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Fed clears the way for a year-end rally

Nicole Goodkind
Nicole Goodkind

Janet Yellen, chair of the Federal Reserve, announced yesterday that the Fed doesn’t expect to raise interest rates until next year and likely won’t begin the process until at least late April. The Fed will be "patient in beginning to normalize the stance of monetary policy," said Yellen.

Analysis largely expected the Fed to remove language from its statement that said it would keep interest rates low for a “considerable time,” but the language stayed and markets rallied. Both the Dow (^DJI) and S&P (^GSPC) had their best days of 2014 yesterday. Markets were also up sharply this morning.

So does this mean it’s smooth sailing for markets for the next six months?

Related: Markets get a shock and Fed does nothing: Gary Shilling

Prior to the announcement markets experienced a sharp downturn due in large part to how-low-can-they-go oil prices, leaving many to believe that the typical end-of-year rally wouldn’t happen in 2014.

This was a very “exuberant reflex upside reaction to what the Fed had to say,” says Yahoo Finance senior columnist Michael Santoli. “I don’t think it was the specific words—I think it was that there were no sudden moves, that Yellen wants to ease the markets slightly into tightening and that there was no real change about the strong U.S. economy.” He believes that these statements have people chasing the idea that they don’t want to fall behind in the last two weeks of 2014.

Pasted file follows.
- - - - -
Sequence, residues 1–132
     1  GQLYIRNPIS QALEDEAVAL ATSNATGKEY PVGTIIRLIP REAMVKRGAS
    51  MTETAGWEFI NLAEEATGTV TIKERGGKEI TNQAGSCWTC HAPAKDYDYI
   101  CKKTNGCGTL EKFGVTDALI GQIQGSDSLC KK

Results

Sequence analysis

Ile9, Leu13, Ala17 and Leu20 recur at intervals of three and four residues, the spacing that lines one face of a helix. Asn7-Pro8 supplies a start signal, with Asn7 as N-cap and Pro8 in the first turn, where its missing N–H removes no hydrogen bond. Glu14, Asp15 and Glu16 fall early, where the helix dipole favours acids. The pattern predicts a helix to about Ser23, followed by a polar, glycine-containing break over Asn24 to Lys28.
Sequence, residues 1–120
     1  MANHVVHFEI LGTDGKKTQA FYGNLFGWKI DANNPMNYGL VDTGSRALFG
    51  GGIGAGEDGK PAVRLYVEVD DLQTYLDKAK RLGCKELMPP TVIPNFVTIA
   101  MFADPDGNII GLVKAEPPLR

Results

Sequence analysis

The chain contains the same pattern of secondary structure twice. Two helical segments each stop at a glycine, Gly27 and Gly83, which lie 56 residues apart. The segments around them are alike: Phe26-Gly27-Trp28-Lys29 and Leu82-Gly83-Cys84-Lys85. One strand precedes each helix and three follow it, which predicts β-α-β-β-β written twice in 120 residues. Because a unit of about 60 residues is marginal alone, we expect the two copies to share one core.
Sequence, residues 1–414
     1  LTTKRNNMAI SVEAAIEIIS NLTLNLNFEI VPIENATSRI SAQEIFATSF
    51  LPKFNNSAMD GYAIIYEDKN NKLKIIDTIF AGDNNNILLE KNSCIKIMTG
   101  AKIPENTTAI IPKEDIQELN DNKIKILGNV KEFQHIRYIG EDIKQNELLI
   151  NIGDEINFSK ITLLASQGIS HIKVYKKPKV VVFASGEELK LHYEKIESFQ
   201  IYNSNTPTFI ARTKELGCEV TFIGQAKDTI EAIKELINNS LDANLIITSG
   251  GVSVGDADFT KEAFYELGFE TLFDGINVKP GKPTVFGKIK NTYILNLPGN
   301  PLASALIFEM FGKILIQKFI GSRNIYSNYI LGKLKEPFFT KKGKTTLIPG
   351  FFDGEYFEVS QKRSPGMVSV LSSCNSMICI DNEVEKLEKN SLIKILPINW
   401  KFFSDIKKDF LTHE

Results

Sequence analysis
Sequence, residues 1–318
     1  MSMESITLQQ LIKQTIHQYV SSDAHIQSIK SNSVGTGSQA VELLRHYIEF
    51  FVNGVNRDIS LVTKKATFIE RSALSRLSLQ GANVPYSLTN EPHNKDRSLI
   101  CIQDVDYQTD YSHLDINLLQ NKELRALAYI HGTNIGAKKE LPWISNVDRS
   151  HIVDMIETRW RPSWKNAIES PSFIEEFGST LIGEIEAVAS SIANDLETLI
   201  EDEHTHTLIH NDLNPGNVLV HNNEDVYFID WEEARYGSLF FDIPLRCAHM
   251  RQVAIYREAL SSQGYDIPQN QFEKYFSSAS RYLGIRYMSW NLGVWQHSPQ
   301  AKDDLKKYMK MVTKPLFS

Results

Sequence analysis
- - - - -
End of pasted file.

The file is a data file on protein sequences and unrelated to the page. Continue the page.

Related: Economy flashing signs the Fed needs to hike rates: Sonders

Santoli sees this rally extending for a bit, “the question is whether we can beat those all time highs we saw a couple of weeks ago,” he says.

Oil prices have stabilized a bit since their rapid fall in the past weeks. “If you looked at non-stock markets nothing really dramatic happened yesterday,” says Santoli. “Even the treasury market did not move in a dramatic way…It’s just the stock market that overshoots on a regular basis.”

Santoli doesn’t believe that it’s “up, up and away” for stocks but he does believe that the feeling that central bankers are once again traders friends and the U.S. economy seems strong will keep markets in the green.

The biggest risk we’re facing says Santoli is that this is just kind of a bounce. “You see the corporate bond market weaken up, we see the oil market not hold together, Greece looks like it’s falling apart again…all of this stuff could get the markets attention, we just don’t know if or when.”

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